I must start by clarifying a few points from my last post. Firstly, the outside bar at the Kelham is covered, also the beer from Ascot Ales was their "standard" Anastasia stout, which means their imperial version may well be pretty awesome. Also, I kind of took it as read that the decade beer festival related to the Tavern's first CAMRA award or beer guide entry. Speaking to Trevor Saturday night it appears its a decade since the pub reopened. I honestly thought it had been open far longer than that!
So to business, I had intended to get myself to the New Barrack Tavern for midday to have a good go at the ales on offer. As it turned out, I woke up in the afternoon. So started a day of "flexible" arrangements....
I chose to start proceedings at my regular haunt since I needed to get some change for the bus. Even at this late stage in the afternoon I wasn't completely convinced that I was in the mood for more beer. From the range available I ummed and aahed about having a low gravity starter, but when I spotted the Hornbeam Black Coral Stout my mind was made up. I have seen this beer in here a few times and its never let me down. I took the opportunity to escape the throngs of visiting CAMRA types in the front rooms and sit in the "school room" in contemplative peace before stirring myself for the next part of my trip out.
New Barrack Tavern
I have to admit that I rarely get to the NBT. Even though its not that far from the Double H it seems too much of an undertaking for some reason. Hence I have visited only once in the last 12 months, one evening in the summer en route to the Blake. It was dead, although the beer was nice.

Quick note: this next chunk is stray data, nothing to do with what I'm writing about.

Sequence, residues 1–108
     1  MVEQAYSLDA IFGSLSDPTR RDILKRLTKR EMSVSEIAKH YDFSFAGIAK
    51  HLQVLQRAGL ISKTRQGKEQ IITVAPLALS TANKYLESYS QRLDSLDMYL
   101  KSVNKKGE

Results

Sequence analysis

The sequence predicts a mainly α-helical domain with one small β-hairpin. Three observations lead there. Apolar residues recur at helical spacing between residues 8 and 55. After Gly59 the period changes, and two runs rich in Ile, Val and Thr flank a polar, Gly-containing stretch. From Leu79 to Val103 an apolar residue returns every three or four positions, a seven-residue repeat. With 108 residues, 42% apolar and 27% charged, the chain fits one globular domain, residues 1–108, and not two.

The extremes of business and quiet are nowhere better illustrated than the Barrack Tavern. There was a beer fest on, it was a pleasant almost warm Saturday, and there were 3 people in, plus 4 in the beer garden. I took the opportunity to take a few pics whilst I supped a half of the Prescott Seasons Best, described as a winter warmer and a ruby stout and somehow being neither. As I was getting my snaps the barman commented that this would be a good time since it would be rammed in 10 minutes - a fact reiterated by Mr M in the beer fest snug.
And so it was that at 17.00 the pub was flooded with football fans and 3 extra bar staff appeared behind the bar! One minor problem was that the bar in the snug selling the festival beers was accessible only from that room. So in the initial rush no-one could be spared to work on the festival bar for quite some time. Ironically when someone did arrive, I had already got a beer from the other bar and said barman was distinctly under utilised.
My second beer was the Harbour Brewing Co Harbour Amber at 4.0%. Having rashly started on two stouts I wanted to calm things down a little. I knew that I should expect a sweetish malty Cornish beer and that's what I got. It was described by Mr M as "not unpleasant" and by myself as "inoffensive". Their weaker Harbour Light was still in the cellar, perhaps one best enjoyed in its locality.